• Risk assessment related to each activity carried out by workers
  • Management and reduction of risks, through prevention service
  • Special care in the use of physical, chemical and biological agents in work environments
  • Health control of operators
  • Specific training for workers, supervisors, managers and workers’ safety representatives.
  • Updating the subjects listed in the previous point through insights in accordance with changes in labor safety legislation
  • Supervision of the effective effectiveness and implementation of these security measures.


The obligations enshrined in the Consolidation Act apply in all companies where there is at least one employee.

The specific definition of worker, in order to avoid misunderstandings, applies to all of the following categories of workers or equivalent figures:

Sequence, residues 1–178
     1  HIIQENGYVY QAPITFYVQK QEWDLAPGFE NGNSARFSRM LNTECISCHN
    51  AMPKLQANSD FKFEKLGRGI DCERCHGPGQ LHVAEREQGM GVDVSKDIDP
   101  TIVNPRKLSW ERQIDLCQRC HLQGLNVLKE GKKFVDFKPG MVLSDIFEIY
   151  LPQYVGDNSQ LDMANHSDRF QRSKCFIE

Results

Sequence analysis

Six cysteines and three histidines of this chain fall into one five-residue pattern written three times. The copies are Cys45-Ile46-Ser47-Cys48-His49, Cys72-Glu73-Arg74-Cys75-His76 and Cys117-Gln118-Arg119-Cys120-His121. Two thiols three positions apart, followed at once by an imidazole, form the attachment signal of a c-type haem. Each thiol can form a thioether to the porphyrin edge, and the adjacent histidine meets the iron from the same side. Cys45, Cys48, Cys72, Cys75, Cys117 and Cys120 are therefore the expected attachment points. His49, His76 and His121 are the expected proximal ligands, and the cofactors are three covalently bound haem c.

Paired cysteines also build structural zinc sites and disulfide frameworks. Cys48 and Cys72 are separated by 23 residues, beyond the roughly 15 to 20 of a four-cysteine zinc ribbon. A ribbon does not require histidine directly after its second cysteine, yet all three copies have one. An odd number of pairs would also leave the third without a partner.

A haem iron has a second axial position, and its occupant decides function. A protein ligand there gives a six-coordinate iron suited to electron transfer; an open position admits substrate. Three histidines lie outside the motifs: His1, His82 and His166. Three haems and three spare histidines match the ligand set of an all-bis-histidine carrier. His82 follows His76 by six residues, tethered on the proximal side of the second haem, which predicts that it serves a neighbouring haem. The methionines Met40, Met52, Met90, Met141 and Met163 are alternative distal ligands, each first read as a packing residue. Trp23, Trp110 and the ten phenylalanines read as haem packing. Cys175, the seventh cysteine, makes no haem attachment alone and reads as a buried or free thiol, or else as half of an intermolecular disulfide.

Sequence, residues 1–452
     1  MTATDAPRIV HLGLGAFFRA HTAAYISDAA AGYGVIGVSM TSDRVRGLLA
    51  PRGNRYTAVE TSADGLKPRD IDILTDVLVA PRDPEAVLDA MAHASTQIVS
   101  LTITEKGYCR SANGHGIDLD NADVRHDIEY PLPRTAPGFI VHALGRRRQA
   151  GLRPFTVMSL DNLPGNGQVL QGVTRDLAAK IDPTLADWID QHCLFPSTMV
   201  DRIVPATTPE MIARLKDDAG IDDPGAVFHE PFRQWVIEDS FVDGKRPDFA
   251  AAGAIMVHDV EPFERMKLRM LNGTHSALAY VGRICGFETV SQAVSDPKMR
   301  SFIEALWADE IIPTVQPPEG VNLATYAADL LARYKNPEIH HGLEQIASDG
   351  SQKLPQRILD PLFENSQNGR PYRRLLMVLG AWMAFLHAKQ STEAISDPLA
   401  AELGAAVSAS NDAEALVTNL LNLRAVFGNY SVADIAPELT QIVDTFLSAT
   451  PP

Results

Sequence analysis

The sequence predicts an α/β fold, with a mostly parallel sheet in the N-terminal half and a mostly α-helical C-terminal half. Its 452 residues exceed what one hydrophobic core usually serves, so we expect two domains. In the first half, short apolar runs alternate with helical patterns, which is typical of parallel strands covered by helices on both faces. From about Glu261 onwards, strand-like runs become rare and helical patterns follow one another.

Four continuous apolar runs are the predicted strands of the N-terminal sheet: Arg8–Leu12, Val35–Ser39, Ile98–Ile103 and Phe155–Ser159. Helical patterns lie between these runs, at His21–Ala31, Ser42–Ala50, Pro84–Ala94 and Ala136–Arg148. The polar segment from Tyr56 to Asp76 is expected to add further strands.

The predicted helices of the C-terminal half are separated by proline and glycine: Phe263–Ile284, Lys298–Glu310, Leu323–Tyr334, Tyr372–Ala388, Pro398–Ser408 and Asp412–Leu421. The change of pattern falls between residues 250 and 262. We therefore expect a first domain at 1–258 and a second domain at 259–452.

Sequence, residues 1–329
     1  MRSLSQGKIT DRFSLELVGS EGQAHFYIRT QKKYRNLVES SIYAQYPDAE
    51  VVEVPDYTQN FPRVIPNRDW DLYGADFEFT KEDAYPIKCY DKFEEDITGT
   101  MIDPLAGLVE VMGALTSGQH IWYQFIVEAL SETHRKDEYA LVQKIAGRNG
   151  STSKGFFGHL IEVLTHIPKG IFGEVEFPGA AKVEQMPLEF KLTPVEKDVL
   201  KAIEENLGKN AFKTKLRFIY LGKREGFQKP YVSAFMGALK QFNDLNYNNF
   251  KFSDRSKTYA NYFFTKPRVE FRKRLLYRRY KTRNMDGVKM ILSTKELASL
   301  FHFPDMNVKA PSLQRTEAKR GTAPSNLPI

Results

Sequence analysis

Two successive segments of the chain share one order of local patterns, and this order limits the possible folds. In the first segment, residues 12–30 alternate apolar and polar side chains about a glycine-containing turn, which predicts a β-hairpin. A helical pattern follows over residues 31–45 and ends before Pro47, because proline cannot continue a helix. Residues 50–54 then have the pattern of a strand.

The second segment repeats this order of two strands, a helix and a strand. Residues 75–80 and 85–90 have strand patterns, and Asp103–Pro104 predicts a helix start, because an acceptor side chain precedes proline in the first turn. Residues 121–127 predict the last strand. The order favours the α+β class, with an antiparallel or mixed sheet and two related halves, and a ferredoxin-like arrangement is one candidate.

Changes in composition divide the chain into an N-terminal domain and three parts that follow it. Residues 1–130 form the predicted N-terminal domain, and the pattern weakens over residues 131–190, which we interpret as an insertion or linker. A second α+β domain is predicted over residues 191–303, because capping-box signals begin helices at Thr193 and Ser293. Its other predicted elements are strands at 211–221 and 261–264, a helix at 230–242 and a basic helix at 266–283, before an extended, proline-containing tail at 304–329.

• worker members of cooperatives or companies
  • interns
  • students engaged in school-work alternation
  • participants in vocational training courses
  • volunteers
  • project workers
  • on-call workers
  • apprentices.

The risk index related to the type of company (Ateco code) and the specificity of the work task then determine the route to be chosen and the relevant preventive measures for individual protection.


The employer is the legal figure guaranteeing and responsible for safety in his or her company.

The main obligations of the employer, which are set out in Article 18 of Legislative Decree 81/08, are:

  • Carry out risk assessment and prepare the relevant document (DVR)